The recent Upbit hack is a stark reminder of the danger of storing your crypto on an exchange. We explored seven major hacks that happened this year, each one bolder than the last. The lesson? Not your keys, not your crypto.
Cryptopia went dark on Jan. 15 after it discovered a “security breach” with “significant losses.” It stayed dark, and mostly silent, through the rest of January and deep into February. The site claimed it could not comment during the police investigation of the estimated $16 million hack.
It is not clear how Cryptopia was hacked, but investigators discovered in August that Cryptopia had been pooling users’ funds in a catchall wallet. The New Zealand exchange tried to right its ship after the hack and even briefly reopened trading services in March. But the revival was not meant to be: the exchange went into liquidation in May and 10 days later filed for bankruptcy.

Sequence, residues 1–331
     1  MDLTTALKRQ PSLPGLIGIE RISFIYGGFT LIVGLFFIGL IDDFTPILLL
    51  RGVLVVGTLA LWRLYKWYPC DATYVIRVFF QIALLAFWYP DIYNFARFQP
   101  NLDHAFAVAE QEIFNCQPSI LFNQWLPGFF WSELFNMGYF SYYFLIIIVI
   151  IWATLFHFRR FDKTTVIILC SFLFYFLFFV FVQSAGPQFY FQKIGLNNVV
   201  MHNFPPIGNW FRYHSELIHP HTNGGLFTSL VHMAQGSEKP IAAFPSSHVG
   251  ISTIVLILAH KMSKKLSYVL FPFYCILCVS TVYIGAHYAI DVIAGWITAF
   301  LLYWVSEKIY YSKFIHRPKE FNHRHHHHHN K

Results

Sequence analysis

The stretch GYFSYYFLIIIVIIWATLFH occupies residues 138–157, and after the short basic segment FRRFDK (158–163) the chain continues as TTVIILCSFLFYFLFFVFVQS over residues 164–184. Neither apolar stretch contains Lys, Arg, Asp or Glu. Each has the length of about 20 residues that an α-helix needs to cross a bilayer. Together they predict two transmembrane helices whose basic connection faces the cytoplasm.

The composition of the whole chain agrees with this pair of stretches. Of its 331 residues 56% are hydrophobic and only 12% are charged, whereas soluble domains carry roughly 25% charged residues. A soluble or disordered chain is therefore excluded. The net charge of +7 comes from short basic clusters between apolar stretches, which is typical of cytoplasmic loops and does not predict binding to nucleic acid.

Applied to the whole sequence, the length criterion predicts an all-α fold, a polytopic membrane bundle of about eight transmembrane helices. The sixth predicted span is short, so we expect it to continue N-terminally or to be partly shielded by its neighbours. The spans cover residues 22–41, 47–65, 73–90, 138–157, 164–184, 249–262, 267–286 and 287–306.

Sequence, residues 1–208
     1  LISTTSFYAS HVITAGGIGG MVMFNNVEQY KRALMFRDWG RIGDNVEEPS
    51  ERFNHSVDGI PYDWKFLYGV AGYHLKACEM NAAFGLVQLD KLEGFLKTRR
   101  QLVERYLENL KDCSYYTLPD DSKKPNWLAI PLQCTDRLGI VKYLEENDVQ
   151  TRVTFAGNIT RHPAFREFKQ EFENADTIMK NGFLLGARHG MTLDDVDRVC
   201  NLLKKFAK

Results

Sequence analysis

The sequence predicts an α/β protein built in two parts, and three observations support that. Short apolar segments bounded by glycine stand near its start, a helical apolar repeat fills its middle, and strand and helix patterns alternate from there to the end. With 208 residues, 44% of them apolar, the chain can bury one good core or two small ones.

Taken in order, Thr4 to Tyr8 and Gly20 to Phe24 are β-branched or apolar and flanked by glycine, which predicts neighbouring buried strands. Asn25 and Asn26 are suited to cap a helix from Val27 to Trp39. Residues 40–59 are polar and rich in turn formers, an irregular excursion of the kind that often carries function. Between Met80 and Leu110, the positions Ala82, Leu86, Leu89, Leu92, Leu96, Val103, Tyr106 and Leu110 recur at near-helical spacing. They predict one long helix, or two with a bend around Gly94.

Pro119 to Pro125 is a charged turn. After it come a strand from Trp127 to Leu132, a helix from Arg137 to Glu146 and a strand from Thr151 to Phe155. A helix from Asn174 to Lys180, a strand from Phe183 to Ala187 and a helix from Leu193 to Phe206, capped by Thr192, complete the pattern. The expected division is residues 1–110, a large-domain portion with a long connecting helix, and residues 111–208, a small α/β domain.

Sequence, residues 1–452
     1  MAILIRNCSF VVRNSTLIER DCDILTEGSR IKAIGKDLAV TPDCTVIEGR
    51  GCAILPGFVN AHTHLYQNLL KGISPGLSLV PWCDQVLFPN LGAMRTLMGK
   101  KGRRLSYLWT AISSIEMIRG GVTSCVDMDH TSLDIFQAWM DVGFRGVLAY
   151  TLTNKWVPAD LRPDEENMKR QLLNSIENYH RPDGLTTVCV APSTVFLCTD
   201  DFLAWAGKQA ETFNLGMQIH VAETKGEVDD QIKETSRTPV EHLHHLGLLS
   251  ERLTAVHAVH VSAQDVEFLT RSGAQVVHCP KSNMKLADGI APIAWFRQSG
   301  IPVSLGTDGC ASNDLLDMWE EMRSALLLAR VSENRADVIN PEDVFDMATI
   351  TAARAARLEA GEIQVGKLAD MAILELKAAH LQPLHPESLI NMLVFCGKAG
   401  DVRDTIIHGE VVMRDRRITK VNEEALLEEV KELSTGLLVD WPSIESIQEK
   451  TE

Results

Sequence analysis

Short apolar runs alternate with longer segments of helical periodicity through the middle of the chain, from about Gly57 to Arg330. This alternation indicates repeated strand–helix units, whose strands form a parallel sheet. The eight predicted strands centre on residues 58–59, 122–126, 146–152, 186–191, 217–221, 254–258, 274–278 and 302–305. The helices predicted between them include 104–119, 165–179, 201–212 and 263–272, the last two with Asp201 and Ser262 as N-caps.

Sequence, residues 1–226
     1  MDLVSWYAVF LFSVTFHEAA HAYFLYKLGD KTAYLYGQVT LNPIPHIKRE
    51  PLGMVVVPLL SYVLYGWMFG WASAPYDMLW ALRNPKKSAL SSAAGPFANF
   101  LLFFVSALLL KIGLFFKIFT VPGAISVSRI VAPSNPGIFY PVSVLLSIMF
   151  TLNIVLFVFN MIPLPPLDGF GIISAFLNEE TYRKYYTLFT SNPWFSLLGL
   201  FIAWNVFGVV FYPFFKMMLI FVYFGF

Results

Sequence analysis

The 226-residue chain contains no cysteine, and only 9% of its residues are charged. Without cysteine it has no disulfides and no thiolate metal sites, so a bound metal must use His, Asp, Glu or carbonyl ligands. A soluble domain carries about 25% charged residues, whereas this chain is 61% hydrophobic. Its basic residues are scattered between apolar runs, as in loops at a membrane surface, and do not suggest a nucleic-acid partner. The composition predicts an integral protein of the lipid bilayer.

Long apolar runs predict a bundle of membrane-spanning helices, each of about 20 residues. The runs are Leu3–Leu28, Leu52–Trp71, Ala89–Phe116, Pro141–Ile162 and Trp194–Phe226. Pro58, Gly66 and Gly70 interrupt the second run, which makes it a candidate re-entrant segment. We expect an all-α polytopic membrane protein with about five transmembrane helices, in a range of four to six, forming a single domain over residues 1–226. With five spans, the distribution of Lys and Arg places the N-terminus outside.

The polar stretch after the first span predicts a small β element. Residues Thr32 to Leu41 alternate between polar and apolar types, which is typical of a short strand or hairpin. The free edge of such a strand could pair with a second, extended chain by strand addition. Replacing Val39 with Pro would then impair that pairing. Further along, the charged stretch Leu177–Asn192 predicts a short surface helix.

DragonEx of Singapore lost an “undisclosed” amount of user funds in a March 24 hack. It initially declined to estimate how much but days later it revealed over telegram that it lost $7 million in the security breach. DragonEx did not appear to promise users a full refund, as other exchanges generally did in 2019. Instead, it said it was working on a “preliminary compensation plan” that would reimburse victims’ lost funds in Tether or Dragon Token equivalent. Read More...